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Tsubouchi Towels - A Century of Quality Towel Making in Imabari

Photo and text by Lance Henderstein

Takashi Tsubouchi / photo by Lance Henderstein

Takashi Tsubouchi’s father never wanted him to take over his towel business. He instead encouraged his son to go into a more stable industry. Takashi began his career as a banker after graduation, but felt unfulfilled.

“I was just moving money from one place to another. I wanted the satisfaction of creating something of quality in the world. So I decided to return to run the family business.”

Tsubouchi Towel was founded in 1921 by Takashi’s grandfather Isamu Tsubouchi making Takashi the third generation to run the company. Each generation has faced its own challenges. From a complete loss after bombing in World War Two to the consolidation of the local towel industry in the 1990s.

PYYLE's factory / photo by Lance Henderstein
In a fully globalized economy Takashi Tsubouchi has his own challenge—to compete in a rigged economy of cheap labor and mass production. Rather than join the race to the bottom, Tsubouchi Towel decided to focus on high quality and sustainability instead.

“In 2001, we started anew. My business mentor encouraged me to renew the focus of the company on quality. We launched our ‘plantia’ brand specializing in organic cotton products made on classic looms without artificial dyes and chemicals.”

Trad Chambray towel / photo by Lance Henderstein

Ehime’s towel producers decided to work together in an ever shrinking industry. In 2006, the Imabari Towel Project was launched in response to the rapid increase of cheap foreign imports. With a renewed focus on quality and branding, Imabari towels are recognized as a representative brand of “Japanese Quality” both in Japan and increasingly abroad.

Tsubouchi's towel factory / photo by Lance Henderstein
“Our towels aren’t as thick and heavy as those you might find in hotels in the United States. But the quality of the organic cotton woven on our traditional looms provides a softness and feel that Japanese customers prefer. They also dry more quickly after washing,” says Tsubouchi.

skilled staff of Tsubouchi Towel / photo by Lance Henderstein
Perhaps due to Japan’s history of silk making and other fine weaving techniques, customers do not equate thickness with quality the way Westen customers might. High quality Imabari-made towels are often given as gifts for weddings or births rather than purchased in bulk for one’s own home. 

Imabari towel / photo by Lance Henderstein
“In the West, towels are now thought of mostly as basic daily-use items. People expect a very large, thick towel at a cheap price. In Japan, thanks in part to the efforts of Imabari Towel Association’s branding and promotion, the public better understands that the quality of our towels is worth the price. We’re hoping to continue that successful messaging abroad,” explains Tsubouchi.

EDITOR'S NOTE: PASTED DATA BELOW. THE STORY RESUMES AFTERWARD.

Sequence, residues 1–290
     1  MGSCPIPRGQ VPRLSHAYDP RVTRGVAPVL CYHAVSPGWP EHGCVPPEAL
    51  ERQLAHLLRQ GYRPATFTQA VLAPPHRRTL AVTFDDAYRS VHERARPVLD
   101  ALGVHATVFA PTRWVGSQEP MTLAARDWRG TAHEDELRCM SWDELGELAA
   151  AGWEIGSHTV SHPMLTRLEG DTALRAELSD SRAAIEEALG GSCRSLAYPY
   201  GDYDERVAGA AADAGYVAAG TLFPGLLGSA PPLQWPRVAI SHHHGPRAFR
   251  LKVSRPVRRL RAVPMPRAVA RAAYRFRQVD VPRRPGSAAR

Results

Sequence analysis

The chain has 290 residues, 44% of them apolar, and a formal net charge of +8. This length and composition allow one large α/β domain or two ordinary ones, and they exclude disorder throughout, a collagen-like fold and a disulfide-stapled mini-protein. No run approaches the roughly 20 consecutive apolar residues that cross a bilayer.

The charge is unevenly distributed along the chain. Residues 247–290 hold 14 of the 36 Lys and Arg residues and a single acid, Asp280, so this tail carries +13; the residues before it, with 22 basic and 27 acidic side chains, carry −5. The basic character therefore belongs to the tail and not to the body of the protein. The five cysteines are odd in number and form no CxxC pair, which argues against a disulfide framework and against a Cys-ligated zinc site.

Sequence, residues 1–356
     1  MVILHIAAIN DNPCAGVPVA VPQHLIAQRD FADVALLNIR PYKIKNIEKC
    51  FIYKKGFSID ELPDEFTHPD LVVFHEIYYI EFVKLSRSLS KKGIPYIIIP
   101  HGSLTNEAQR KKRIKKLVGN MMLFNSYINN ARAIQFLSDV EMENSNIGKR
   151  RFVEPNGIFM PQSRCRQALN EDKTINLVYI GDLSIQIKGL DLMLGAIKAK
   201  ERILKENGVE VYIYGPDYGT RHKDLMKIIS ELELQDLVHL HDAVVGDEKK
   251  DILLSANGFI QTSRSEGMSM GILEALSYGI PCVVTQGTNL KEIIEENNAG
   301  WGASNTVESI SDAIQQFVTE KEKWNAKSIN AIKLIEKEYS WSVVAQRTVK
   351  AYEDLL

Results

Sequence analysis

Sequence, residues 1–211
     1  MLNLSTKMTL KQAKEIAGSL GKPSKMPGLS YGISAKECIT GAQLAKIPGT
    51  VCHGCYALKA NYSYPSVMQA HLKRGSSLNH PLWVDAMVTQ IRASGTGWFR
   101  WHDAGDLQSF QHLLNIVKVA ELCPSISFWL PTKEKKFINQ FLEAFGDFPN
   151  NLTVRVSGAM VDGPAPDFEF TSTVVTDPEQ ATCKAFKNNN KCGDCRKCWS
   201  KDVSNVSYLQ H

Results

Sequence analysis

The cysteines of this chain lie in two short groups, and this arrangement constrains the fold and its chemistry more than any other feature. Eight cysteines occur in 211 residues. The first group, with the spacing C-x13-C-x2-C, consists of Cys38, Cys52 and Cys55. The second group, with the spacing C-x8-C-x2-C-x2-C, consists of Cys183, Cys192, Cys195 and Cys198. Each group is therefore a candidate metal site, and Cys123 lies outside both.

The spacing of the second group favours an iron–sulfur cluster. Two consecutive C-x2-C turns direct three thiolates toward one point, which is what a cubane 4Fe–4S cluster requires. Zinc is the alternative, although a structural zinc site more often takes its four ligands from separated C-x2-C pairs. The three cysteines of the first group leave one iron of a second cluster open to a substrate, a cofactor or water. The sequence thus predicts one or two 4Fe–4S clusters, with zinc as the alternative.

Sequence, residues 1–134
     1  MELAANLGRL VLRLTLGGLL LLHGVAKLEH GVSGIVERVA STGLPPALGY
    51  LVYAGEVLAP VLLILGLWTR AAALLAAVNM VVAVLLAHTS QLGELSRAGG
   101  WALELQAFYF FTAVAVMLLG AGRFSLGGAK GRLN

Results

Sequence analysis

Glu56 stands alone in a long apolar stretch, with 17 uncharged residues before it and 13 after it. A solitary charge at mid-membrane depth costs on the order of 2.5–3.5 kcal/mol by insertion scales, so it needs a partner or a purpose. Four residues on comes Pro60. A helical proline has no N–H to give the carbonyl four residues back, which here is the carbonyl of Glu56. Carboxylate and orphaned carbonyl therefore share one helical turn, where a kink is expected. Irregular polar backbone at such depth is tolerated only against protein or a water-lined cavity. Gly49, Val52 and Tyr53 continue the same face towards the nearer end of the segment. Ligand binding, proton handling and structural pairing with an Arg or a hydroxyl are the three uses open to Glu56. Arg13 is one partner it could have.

Tsubouchi Towel's factory / photo by Lance Henderstein
Tsubouchi Towels are produced on shuttle looms in a small, unassuming factory located in Imabari in Ehime prefecture. The building evokes an independent craftsman’s workshop rather than a towel factory. This humble building stands in a sharp contrast from the massive factories producing chemical-laden towels from synthetic blends.

Tsubouchi Towel's factory / photo by Lance HendersteinTsubouchi Towel's factory / photo by Lance Henderstein
Tsubouchi Towels has been using only organic cotton yarn since 1993. They are a member of the Nippon Organic Cotton Marketing Organization which supplies organic cotton yarn. The materials are completely organic and the production methods of washing and weaving are adjusted for each product.

Organic cotton yarn / photo by Lance Henderstein

Tsubouchi Towel's organic cotton yarn / photo by Lance Henderstein

Starting with a piece of raw cotton, Tsubouchi Towels uses traditional shuttle looms for weaving the towels before giving them a finishing wash. This gentle process improves the texture and feel of the towel. The washing technique used is as natural as possible using just soap and natural enzymes.

shuttle loom / photo by Lance Henderstein
The shuttle loom process has its drawbacks and advantages. These looms—of which only about 50 remain in Imabari—can weave only about 30 meters of towel fabric per day. However, the old-fashioned structure of the looms offers hidden advantages that show up in the weave.

Compared with high-speed modern looms, shuttle looms weave at a much slower speed. This results in a looser finish to the weave and finer grain to the fabric. The loose weave gives the towels a pleasant texture and makes them more absorbent, as well as quicker to dry.

Kitchen / photo by Lance Henderstein

There seems to be a trade-off between the speed at which the towel fabric is weaved and the texture of the finished product. Increasing the speed of the weaving means increasing the load on the pile which increases the amount of glue used in the pile. The leisurely pace used by Tsubouchi Towels may take more time and effort, but the result in the weave is undeniable.

Tsubouchi says that an overemphasis on speed and convenience has lowered not only the quality of towels, but also our quality of life.

Skilled staff / photo by Lance Henderstein
“The modern culture of convenience and disposability is unsustainable. Cheap unsustainable goods may seem like a good deal at the moment, but when we slow down and examine the real cost [of global mass production] we can understand it would be better to slow down and invest in the quality of our daily lives.”

That holistic way of thinking has been the lynchpin of Tsubouchi Towel’s sustainability and quality for more than a century.

Bath Robe / photo by Lance HendersteinTowel by Tsubouchi Towel / photo by Lance HendersteinTsubouchi Towel / photo by Lance Henderstein

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